Of all performances in the Connecting Voices series, it feels as though Orpheus in the Record Shop (OITRS) has the most obvious link to the recent pandemic and subsequent lockdown measures. Told from the perspective of a record shop owner suffering economic difficulty, OITRS is essentially a one-man show, with accompaniment by members of the Opera North company and orchestra.
Though billed as “spoken word fused with beatboxing and classical music” this performance is so much more. An engaging and somewhat familiar tale of reinvention, OITRS is part stand up comedy, part concert, part motivational speech.
Testament is a force of nature. He is a gifted actor, holding the substantial audience in the palm of his hand through moments of humour, deep sadness and lively action. He utilises mime well, which keeps his performance space uncluttered and is amusing for an audience when employed with beatboxed sound effects. Testament is fully in control of this production, at times literally acting as orchestral conductor, at times slipping seamlessly between song, rap and spoken word.
Though roots in the Orpheus myth are hinted at, they are never fully explored and this remains at heart a relatable, modern story. Testament’s writing is packed with cracking insults and political commentary. In parts, he assumes additional characters with ease. I found his portrayal of the Ghanaian security guard particularly noteworthy and howled at a stream-of-consciousness song from the perspective of a taxi driver. He is an energetic and extremely versatile performer who commands attention, both to his performance, and the difficult topics covered in the play.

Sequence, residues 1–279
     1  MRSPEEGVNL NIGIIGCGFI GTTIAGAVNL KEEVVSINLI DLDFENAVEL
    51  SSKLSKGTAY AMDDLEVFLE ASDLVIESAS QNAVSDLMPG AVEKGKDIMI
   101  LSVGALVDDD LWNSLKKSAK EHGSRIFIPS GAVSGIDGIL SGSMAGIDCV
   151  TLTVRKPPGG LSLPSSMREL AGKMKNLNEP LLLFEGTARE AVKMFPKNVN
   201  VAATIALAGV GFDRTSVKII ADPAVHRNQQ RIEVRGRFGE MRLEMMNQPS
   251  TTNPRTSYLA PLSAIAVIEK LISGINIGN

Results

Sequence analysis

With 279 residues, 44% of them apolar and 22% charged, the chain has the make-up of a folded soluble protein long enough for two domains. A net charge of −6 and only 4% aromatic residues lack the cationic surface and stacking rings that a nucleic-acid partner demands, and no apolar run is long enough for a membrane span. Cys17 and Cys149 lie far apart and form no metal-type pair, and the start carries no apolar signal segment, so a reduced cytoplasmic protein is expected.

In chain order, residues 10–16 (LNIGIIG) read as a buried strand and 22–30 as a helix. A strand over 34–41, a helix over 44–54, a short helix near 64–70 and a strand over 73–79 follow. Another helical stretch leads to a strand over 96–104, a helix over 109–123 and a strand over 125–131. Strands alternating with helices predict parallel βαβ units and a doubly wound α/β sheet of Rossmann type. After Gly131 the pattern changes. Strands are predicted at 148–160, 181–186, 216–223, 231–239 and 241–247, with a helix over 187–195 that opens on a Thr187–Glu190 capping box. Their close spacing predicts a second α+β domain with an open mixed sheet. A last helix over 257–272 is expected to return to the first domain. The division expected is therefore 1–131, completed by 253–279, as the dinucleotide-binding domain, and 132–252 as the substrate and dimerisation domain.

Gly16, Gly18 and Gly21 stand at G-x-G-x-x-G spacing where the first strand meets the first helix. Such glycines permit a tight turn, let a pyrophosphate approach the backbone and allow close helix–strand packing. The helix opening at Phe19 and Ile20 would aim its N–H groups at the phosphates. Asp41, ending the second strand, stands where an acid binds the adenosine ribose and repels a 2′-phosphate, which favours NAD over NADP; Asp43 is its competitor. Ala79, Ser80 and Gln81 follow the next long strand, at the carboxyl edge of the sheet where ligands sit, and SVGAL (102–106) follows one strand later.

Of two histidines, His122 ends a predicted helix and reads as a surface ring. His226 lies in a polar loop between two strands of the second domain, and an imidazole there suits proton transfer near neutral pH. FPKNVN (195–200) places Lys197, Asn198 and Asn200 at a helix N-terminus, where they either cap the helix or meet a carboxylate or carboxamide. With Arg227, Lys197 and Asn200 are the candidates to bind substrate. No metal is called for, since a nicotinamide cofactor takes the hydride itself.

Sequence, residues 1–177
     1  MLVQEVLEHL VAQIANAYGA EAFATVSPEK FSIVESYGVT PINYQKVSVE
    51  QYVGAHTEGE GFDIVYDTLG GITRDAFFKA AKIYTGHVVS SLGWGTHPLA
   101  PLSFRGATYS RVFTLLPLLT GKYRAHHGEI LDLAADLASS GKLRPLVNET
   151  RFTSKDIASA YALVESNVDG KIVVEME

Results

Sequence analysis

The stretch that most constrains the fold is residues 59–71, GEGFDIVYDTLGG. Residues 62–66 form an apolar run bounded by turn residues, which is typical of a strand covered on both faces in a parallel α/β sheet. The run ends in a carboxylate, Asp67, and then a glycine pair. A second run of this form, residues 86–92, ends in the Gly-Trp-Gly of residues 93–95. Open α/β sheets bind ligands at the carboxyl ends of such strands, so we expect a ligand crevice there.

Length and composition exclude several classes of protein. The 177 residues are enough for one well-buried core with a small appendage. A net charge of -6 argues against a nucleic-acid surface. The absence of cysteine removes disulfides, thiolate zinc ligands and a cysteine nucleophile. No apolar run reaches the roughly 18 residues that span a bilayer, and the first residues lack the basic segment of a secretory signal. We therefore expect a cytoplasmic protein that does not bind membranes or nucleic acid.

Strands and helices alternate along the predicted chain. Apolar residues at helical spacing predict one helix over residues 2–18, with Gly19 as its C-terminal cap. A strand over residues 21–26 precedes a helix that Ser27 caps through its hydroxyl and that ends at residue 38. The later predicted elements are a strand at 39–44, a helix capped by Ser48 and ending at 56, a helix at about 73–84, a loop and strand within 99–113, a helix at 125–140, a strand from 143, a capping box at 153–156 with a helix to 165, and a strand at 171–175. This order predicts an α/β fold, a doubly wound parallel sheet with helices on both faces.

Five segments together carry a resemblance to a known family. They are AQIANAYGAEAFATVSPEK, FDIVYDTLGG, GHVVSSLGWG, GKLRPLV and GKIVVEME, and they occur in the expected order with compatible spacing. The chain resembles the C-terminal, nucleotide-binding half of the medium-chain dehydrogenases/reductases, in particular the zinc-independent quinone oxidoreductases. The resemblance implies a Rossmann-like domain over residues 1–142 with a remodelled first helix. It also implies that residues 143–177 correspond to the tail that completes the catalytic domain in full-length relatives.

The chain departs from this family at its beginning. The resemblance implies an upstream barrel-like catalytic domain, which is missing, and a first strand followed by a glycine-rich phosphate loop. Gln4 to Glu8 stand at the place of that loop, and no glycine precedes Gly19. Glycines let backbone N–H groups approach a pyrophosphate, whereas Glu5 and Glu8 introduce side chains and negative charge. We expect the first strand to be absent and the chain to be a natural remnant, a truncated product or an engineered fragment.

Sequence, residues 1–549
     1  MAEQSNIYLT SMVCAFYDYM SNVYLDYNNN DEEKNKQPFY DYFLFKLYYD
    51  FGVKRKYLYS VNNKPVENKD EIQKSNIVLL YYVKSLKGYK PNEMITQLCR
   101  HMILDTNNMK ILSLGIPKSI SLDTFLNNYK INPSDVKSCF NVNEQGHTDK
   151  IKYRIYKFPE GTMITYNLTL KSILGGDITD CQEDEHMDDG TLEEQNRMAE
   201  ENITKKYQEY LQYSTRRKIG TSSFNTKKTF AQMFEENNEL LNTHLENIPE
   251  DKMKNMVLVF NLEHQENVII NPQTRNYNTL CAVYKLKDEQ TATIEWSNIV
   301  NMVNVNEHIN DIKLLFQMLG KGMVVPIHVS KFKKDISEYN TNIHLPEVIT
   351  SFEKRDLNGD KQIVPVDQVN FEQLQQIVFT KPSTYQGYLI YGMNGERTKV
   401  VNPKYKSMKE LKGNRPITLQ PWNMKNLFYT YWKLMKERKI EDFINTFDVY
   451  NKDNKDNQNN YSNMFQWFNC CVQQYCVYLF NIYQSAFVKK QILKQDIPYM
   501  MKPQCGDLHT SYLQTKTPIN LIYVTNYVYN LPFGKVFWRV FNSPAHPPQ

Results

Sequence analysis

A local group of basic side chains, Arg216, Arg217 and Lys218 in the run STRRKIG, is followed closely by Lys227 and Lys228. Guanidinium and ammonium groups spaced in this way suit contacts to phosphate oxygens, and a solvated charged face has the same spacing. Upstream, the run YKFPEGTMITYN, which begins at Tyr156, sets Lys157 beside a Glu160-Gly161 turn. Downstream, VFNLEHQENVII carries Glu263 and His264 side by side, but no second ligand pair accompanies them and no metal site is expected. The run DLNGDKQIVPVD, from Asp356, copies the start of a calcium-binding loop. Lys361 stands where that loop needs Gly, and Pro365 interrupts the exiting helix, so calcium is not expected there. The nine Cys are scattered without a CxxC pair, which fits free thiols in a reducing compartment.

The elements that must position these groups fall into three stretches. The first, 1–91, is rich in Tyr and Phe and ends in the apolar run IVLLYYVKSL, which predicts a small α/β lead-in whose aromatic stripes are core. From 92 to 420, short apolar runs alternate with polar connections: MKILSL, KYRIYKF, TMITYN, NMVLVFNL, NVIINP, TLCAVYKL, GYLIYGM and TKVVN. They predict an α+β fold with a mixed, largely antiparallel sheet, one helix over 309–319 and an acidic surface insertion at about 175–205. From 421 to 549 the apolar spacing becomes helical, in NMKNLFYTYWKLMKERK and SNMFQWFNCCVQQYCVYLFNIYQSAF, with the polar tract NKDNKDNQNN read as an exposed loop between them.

The musicians of Opera North wind their way into the piece one at a time, adding merely strings or woodwind to loop pedal and voice. They are casually dressed which helps to deformalize the concept of orchestral music and fits with the style of the production well. All are accomplished and the addition of this music enhances all emotions in the piece; with swelling crescendos in happy moments, discordant racket in times of despair and a well-placed rendition of the Antiques Roadshow theme tune, displaying just how funny classical music can be when it wants to.
Like many of the Connecting Voices pieces I observe tonight, OITRS explores lost love, struggles with depression and retrospection. Testament describes the difficulties of an existence lived on pause, and with this in mind, I hope that this series marks the beginning of a new era for theatre. If the originality and inventiveness present in OITRS are anything to go by, I think we can expect to see exciting and innovative work from Leeds Playhouse in future.
Connecting Voices is a series of plays staged by Leeds Playhouse in collaboration with Opera North and performers. This project is a response to the events of the last six months and uses new and classic work to celebrate the power of the human voice.
Connecting Voices: Orpheus in the Record Shop was performed between 2 and 17 October 2020 at Leeds Playhouse. For more information, see Leeds Playhouse website.